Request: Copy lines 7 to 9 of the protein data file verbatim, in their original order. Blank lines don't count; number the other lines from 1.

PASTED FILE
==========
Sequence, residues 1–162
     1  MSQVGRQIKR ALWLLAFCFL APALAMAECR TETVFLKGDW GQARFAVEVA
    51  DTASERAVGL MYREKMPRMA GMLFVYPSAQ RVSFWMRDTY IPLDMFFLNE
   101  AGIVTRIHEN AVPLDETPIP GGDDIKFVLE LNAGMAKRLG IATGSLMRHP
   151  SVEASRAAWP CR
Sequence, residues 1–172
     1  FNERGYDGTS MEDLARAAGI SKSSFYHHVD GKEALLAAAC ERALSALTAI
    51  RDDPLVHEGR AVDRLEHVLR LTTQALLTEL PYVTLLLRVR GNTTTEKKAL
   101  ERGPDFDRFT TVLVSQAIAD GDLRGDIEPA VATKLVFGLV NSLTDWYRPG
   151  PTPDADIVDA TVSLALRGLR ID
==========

     1  FNERGYDGTS MEDLARAAGI SKSSFYHHVD GKEALLAAAC ERALSALTAI
    51  RDDPLVHEGR AVDRLEHVLR LTTQALLTEL PYVTLLLRVR GNTTTEKKAL
   101  ERGPDFDRFT TVLVSQAIAD GDLRGDIEPA VATKLVFGLV NSLTDWYRPG